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Dublin: 3°C Tuesday 26 January 2021

Stuart Byrne column: Full-time players need to start acting professionally

Clubs like Sligo Rovers aren’t performing as well as they should be and our weekly columnist questions where poor player attitudes have something to do with it.

Sligo Rovers goalkeeper Gary Rogers shouts at his defence on Friday.
Sligo Rovers goalkeeper Gary Rogers shouts at his defence on Friday.
Image: Ryan Byrne/INPHO

AFTER THE WEEKEND’S FAI Cup second games, the holders Sligo Rovers are out.

They were convincingly beaten 3-0 by Dundalk on Friday night and, because of their early season league form, the Bit O’Red find themselves fifth in the league table — a massive 17 points off the top.

Even at this early stage it is safe to say they have no chance of winning the title.

It looks to me that they are going to be battling for third or fourth spot at best. I know they won the Setanta Cup and there was some sort of financial reimbursement there but it could be their only silverware this season.

The issue here is that they are a full-time football club. They have a full-time squad with full-time staff and I would imagine they’ve got a fairly big weekly budget to look after.

It just brings into question the idea of full-time in the SSE Airtricity League and what people perceive it to be. Is it just a case that players train every morning, pick up a wage at the end of a week and that’s it?

That doesn’t automatically entitle teams to turn up every week and win games or to be fitter all-round. In fact, the reality is that’s not the case.

It’s a mentality thing and at the moment Sligo seem to be struggling with that. This has become a big problem that the club must tackle because, as it stands, they are way off the pace. Fitness-wise, they don’t even look on a par with some of the other sides like Dundalk, who train in the evenings.

Other clubs are looking at Sligo spending a lot of money on full-time and thinking that if they can’t achieve things, then what is the point in trying to emulate them.

They’re a full-time team playing in a part-time league and they need to turn things around quick because teams can fall into the a trap of going through the motions.

To be fair, I do think Sligo have done a lot of things right in how they have gone about building the club in recent times. They have won the league title, the FAI Cup and the Setanta Cup in the past two years.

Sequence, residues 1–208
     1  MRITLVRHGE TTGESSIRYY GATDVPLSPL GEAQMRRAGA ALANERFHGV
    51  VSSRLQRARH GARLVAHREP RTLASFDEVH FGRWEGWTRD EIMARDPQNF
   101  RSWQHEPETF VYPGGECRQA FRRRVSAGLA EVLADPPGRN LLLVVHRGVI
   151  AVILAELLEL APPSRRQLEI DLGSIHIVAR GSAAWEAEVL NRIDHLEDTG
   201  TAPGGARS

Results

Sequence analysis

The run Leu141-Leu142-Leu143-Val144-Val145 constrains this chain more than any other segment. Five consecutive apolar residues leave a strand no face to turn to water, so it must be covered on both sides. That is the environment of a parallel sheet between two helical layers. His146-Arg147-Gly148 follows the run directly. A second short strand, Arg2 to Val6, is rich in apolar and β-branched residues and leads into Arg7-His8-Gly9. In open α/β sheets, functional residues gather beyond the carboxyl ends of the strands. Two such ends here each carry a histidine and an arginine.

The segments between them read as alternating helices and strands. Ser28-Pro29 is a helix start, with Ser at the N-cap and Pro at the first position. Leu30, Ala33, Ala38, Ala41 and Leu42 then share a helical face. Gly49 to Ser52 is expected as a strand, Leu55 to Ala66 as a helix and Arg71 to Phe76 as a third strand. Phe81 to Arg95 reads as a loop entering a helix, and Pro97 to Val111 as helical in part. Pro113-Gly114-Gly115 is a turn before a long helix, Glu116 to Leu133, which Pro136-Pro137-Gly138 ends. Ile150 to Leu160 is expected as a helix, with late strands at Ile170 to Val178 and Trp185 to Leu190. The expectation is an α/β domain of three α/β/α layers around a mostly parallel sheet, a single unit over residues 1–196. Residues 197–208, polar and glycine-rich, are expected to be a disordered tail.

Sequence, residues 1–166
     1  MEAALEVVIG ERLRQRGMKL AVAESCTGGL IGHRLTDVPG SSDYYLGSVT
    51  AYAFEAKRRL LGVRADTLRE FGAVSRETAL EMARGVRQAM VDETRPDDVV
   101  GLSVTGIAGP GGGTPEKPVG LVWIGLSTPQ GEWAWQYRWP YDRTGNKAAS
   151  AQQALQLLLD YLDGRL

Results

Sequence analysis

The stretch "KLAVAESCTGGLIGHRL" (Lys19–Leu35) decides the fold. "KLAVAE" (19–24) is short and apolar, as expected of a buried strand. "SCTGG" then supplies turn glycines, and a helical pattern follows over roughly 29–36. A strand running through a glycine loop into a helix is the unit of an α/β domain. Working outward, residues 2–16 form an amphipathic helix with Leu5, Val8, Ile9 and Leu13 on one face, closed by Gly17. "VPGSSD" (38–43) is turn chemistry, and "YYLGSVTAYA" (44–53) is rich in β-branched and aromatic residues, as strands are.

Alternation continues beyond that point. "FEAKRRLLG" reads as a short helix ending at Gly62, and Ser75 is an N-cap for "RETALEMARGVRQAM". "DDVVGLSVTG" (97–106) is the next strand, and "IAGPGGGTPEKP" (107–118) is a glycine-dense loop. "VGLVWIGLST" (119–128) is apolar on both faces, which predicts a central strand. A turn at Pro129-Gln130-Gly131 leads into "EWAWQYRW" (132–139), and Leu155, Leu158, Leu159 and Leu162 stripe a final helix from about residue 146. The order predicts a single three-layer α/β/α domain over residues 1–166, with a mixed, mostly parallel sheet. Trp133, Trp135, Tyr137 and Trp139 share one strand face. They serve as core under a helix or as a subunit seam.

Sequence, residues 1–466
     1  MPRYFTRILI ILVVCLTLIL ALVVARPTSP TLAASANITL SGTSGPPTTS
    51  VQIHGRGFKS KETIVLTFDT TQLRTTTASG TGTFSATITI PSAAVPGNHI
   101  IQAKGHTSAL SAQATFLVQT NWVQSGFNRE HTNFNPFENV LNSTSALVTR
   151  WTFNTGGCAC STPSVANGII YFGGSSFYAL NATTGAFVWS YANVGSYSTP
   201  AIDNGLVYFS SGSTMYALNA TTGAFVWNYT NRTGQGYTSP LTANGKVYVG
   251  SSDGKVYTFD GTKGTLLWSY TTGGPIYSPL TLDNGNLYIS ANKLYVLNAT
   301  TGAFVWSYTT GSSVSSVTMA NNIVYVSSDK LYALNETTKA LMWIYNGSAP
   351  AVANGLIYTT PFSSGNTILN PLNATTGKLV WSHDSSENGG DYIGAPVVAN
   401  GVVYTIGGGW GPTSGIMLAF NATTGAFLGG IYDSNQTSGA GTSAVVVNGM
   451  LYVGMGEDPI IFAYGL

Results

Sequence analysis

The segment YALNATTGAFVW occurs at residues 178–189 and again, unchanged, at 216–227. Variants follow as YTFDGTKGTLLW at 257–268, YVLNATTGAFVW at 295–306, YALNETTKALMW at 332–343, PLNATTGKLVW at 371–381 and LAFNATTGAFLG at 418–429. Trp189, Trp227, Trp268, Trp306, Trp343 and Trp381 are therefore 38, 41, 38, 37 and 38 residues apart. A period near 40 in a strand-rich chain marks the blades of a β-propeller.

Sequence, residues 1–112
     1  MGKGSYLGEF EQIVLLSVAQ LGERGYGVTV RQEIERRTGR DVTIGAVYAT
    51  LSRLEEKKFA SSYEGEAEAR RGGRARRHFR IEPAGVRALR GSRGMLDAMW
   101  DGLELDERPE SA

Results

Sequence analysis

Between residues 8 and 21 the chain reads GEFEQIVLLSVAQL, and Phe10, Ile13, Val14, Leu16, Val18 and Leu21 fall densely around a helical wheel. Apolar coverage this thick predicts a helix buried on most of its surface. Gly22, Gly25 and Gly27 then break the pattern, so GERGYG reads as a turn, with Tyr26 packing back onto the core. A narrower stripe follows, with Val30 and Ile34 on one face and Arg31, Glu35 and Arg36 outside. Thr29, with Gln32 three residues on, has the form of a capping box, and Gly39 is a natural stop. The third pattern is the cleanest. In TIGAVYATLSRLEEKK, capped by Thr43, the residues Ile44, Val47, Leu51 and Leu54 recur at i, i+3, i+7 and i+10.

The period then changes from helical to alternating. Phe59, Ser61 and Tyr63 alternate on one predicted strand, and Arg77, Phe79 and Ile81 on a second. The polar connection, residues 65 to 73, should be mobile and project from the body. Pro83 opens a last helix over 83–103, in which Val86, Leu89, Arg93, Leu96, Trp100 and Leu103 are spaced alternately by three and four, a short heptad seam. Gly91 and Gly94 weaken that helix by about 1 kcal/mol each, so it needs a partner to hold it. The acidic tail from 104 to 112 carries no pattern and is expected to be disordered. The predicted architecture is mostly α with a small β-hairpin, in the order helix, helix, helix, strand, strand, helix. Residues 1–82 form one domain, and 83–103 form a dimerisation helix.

I do have a lot of time for Ian Baraclough and the football club but I think they need to realise quickly that they are a full-time team and they are playing in a league where a lot of the other teams don’t have the same opportunities that they have.

Ian Baraclough Sligo boss Ian Baraclough. Source: Ryan Byrne/INPHO

The only way full-time football can work here is if you have players that are totally focused on being professional players. It has to be a long-term career for them and they have to buy into it like they do in England and all over Europe.

Players need to have some sort of financial security in the form of three or four-year contracts.

With one-year contracts, players are never going to buy into that as they are constantly worried about the end of the season. That has a big effect on the mentality of these guys.

If you look at the GAA players, they are training twice-a-day (often first thing in the morning). They are training more often than the full-time players in the LOI are training. The reason is they have bought into the career. The best players know they will be playing at the top level for the guts of ten or 12 years.

Some will have a good job to fall back on and an understanding with their employers in regards to training.

In the LOI, they don’t have that security and because of that I don’t think they are buying into full-time football as they should be.

There are all sorts of distractions for young footballers. The idea of being a footballers is quite glamorous and I feel that they are getting the wrong message completely.
Instead of focusing on their fitness and their mentality, how technically good they get they are more into the ‘bling’ and the lifestyle which is associated with being a footballer.

I’ve been chatting to some of the managers quite recently and the whole mentality of the younger players is really worrying. I’m convinced that the mentality is just not here and we’re as far away from where we want to be as we ever were.

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About the author:

Stuart Byrne

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